Cricketing thoughts

Published : Oct 25, 2002 00:00 IST

RAMACHANDRA Guha's book A Corner of a Foreign Field (Picador India, Rs.495) is an unusual book on cricket. It is not wholly about runs, run-outs, batting and bowling. It is a socio-political history of the game as it has developed in India over the past 200 years. Guha writes, "For the social historian, mass sport is a sphere of activity that expresses, in concentrated form, the values, prejudices, divisions and unifying symbols of a society" and he goes on to say, "... the cricket field was both a theatre of imperial power and of Indian resistance. The career of Palwankar Baloo illuminates the operations of that unique (and uniquely dreadful) human institution, caste".

Cricket mania is a wholly unexpected legacy of imperialism. The hold it has got on the imagination of the people of India, Pakistan and Sri Lanka is something quite extraordinary.

My wife comes from the former ruling family of Patiala. Her brother, Amarinder Singh, the present Chief Minister of Punjab, was unsuccessfully coached by Lala Amarnath, who spent many years serving Maharaja Bhupinder Singh. He makes several appearances in Guha's book. When I was researching for my biography of Maharaja Bhupinder Singh, I discovered how much time and money he spent on cricket. Guha, if I am not mistaken, does not mention the fact that the great Ranji served as A.D.C. to Bhupinder Singh's father, Rajendra Singh, who helped the future ruler of Nawanagar financially. On page 152, Guha makes an absurd observation on Bhupinder Singh. "A controversy was averted when the Maharaja of Patiala expressed a desire to play for the Hindus, encouraged, one suspects, by the hope of a handshake with the Prince of Wales." Bhupinder Singh knew the Prince of Wales (a highly dislikable individual) well since 1911 and was to play host to the Prince in Patiala a few days later.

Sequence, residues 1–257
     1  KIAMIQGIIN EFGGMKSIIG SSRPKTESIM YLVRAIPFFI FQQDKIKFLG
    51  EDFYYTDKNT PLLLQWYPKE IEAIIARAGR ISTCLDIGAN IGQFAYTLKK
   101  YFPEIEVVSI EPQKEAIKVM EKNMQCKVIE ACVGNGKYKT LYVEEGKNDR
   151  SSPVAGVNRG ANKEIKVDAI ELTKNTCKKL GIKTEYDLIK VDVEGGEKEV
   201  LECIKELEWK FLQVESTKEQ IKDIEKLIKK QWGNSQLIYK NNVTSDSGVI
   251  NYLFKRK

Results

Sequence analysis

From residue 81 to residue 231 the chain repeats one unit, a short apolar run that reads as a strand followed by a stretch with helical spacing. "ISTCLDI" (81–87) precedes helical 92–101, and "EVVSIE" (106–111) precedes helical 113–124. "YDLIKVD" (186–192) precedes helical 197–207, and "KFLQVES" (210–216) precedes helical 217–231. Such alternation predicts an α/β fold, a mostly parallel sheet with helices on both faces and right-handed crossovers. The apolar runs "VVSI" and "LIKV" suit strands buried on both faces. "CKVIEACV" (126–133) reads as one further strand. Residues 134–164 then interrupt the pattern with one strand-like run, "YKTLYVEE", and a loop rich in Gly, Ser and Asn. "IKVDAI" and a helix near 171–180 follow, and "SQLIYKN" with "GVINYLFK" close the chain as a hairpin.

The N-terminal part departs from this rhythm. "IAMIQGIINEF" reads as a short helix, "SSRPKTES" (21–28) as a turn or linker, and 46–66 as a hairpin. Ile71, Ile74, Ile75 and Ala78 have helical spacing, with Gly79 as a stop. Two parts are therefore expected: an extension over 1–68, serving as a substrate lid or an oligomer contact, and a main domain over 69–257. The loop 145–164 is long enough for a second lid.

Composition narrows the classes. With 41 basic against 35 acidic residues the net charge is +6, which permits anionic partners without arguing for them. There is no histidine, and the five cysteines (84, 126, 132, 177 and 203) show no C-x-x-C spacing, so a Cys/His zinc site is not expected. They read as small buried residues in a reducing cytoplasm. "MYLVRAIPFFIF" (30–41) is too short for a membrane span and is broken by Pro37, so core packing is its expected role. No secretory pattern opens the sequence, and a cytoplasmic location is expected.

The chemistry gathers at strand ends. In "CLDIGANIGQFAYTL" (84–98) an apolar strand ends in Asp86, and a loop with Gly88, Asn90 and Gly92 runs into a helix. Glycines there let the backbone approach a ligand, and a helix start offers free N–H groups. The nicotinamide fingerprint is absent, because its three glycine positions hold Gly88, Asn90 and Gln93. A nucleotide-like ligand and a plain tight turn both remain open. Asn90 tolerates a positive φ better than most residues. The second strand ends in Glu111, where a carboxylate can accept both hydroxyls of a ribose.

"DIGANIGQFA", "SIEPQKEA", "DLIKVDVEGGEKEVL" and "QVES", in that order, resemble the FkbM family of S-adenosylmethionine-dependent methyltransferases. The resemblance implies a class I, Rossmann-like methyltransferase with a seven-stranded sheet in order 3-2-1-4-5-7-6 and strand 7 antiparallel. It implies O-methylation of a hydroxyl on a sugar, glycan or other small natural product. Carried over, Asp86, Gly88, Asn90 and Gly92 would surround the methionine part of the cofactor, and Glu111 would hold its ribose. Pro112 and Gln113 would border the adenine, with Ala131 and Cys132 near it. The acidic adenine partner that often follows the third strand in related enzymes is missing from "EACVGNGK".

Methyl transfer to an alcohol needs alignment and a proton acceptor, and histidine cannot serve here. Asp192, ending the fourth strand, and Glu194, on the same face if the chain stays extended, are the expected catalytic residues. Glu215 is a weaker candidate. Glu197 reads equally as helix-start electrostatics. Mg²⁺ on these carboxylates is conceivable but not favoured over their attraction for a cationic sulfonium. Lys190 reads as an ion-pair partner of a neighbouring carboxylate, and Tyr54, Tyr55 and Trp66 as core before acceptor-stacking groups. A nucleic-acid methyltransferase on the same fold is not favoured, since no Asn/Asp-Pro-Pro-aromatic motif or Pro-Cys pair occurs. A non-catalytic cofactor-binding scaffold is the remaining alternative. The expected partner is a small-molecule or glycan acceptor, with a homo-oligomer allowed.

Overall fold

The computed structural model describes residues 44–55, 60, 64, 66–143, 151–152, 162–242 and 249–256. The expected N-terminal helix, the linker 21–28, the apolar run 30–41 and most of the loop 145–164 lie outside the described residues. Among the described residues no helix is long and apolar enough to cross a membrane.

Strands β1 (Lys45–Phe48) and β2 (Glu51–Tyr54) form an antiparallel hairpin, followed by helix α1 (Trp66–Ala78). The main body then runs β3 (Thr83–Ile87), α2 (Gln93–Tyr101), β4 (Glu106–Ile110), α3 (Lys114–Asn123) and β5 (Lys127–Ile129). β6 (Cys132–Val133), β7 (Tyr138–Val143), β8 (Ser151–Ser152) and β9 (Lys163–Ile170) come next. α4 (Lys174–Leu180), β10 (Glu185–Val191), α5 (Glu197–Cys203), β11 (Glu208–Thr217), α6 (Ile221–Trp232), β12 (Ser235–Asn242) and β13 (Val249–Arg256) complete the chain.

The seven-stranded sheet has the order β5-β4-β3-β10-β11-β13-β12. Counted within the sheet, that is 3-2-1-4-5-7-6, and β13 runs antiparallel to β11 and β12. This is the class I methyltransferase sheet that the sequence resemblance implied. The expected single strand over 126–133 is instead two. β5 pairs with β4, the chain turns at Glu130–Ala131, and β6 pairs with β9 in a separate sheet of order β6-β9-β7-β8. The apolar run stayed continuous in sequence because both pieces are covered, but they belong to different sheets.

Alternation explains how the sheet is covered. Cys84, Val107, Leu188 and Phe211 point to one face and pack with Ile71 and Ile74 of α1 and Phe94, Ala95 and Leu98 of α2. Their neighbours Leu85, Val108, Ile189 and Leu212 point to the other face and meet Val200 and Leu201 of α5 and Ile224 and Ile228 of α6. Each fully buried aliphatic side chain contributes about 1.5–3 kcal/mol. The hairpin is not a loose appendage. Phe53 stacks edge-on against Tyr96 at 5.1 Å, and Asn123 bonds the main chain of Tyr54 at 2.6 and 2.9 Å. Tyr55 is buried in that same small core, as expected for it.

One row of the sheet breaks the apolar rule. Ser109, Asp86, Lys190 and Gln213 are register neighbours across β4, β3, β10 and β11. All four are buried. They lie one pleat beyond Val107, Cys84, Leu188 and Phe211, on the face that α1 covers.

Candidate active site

I have digressed enough. What I intended to write was the appalling commercialisation of a great game. Young men in their early twenties have become the darlings and victims of the sponsors, who are not always motivated by the love or lure of cricket but the lucre it gets them. Then there is the all pervasive satta in which hundreds of crores change hands and the Income Tax Department just looks and can do nothing. The amounts top Indian cricket players make are truly staggering. Sachin Tendulkar is a national icon as Bradman was in Australia. It just happens that Tendulkar, apart from being a genius, is also by all accounts an unusually decent and upright young man. He is a role model in every sense of the word. Nevertheless at least two outstanding Indian cricketers have had their careers ruined because monetary temptation got the better of them. Here Pakistan excels us.

This brings me to the odious activity called "Match Fixing". The Pakistanis too have their flourishing satta bazaar. It all began when an Australian tycoon named Kerry Packer altered the nature and character of the game by introducing the revolutionary one-day game. Cronje is the most glaring and tragic example of a match fixer ruining his life. He was remaking it when he was killed in an air crash a few months ago.